For Foreign Policy, human rights lawyer Teng Biao tempers optimism about the end results of President Xi Jinping’s ongoing corruption crackdown. Those who believe that Xi is instituting systematic changes that will eradicate corruption, “fundamentally misunderstand Chinese politics,” Teng writes:
To the party, anti-corruption campaigns are very useful because they are popular with the masses and can help take out political rivals. But because they allow winners in a political struggle to consolidate their gains, the end result of these anti-corruption campaigns is yet more corruption among those lucky enough to remain in the system. A provincial-level official would probably be ashamed if he didn’t have millions of dollars’ worth of illegal income and a couple of starlets as mistresses.
A race to the bottom has long meant that officials with real power have about as much luck keeping clean as porn stars do keeping their chastity. The probability of corruption, and the amount involved, is directly correlated with an official’s power; meanwhile, the probability of facing punishment, and the severity of the punishment, is inversely correlated to the power of the official’s patrons. In other words, corruption has become institutionalized, but anti-corruption is far from systematic. The anti-corruption “successes” are therefore the result of political infighting, not the rule of law.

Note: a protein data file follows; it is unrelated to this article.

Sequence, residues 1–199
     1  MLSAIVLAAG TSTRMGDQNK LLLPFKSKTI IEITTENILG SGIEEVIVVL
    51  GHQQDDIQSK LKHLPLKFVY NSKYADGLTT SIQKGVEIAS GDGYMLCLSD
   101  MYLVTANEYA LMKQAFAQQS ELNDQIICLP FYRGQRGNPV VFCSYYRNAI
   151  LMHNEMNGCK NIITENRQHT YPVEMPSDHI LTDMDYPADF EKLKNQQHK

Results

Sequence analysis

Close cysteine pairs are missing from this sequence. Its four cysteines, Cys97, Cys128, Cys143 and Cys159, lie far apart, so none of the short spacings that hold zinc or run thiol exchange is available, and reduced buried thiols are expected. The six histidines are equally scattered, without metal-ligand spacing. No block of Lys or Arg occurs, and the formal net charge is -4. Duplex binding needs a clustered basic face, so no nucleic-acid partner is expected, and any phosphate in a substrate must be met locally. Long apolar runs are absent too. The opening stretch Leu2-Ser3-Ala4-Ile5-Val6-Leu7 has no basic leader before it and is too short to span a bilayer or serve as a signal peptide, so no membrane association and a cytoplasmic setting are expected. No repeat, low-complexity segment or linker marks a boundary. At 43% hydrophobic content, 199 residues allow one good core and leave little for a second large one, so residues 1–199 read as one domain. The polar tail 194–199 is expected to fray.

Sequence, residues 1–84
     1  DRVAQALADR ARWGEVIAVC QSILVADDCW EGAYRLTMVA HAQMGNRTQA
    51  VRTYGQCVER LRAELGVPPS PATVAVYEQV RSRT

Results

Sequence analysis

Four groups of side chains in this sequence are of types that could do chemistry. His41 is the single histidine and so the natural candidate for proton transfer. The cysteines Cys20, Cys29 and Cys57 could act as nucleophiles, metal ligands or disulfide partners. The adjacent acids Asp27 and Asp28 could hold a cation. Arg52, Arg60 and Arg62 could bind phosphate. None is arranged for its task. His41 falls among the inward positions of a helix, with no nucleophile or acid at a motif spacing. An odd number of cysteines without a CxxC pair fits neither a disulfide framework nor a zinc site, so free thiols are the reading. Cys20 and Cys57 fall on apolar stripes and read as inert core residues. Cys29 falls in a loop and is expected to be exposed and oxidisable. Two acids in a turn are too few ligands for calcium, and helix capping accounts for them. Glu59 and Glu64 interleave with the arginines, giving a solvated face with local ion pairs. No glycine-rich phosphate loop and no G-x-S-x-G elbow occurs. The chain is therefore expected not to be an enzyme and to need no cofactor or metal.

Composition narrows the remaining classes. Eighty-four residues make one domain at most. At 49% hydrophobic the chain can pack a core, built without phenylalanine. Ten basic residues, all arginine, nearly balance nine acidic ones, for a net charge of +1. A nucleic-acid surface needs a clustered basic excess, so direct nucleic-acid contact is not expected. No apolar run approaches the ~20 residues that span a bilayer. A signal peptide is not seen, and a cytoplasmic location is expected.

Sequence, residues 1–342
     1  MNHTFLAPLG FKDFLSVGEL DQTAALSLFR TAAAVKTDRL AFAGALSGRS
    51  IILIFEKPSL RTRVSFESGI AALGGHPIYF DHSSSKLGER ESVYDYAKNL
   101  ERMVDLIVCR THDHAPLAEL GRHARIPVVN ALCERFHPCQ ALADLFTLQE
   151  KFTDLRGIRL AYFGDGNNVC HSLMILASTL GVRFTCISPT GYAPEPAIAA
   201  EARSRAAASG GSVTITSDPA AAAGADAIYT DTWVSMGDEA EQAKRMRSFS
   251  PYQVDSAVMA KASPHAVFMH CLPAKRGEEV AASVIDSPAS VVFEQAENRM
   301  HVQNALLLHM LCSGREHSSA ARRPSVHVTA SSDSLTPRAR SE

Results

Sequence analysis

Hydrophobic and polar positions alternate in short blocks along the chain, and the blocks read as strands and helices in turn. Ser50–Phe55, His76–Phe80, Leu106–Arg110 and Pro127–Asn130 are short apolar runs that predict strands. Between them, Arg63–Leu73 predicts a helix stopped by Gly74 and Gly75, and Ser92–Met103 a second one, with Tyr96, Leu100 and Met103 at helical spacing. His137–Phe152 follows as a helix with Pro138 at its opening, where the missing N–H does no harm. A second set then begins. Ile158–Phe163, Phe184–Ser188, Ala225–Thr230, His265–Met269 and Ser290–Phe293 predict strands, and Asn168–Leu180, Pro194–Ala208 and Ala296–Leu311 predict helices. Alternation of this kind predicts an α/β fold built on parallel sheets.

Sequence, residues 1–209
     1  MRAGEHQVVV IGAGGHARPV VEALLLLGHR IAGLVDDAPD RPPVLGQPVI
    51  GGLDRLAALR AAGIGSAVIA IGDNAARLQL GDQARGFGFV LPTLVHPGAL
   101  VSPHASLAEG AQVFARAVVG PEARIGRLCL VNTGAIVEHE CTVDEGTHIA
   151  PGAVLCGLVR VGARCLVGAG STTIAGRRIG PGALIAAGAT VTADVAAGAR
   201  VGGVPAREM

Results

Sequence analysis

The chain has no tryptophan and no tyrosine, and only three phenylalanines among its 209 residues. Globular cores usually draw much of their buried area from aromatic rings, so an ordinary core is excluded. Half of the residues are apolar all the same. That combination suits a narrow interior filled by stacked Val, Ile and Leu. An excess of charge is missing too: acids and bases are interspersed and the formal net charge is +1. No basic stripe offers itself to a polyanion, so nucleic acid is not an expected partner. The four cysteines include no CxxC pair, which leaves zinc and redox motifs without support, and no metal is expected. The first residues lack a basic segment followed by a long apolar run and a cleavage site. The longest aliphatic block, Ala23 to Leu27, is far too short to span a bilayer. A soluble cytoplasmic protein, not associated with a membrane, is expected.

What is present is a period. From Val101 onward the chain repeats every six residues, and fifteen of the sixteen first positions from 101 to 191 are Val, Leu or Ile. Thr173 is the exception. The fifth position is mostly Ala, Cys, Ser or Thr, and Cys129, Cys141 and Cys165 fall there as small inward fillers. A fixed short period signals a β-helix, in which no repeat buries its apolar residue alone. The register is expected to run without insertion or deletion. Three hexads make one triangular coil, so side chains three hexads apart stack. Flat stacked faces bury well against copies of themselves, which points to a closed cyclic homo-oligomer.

Without competition between political parties, real elections, checks and balances on power, judiciary independence, a free press, or a strong civil society, Chinese corruption will remain pervasive and systematic. Few corrupt officials are caught, a signaling function which invites yet more corruption. Foreign organizations like Bloomberg and the non-profit International Consortium of Investigative Journalists have exposed the assets of certain high-level officials and their families, but I believe those are but the tip of the iceberg. [Source]
Read more about the corruption crackdown, which appears to be targeting former Politburo Standing Committee member Zhou Yongkang as well as numerous lower level officials. See also more by and about Teng Biao.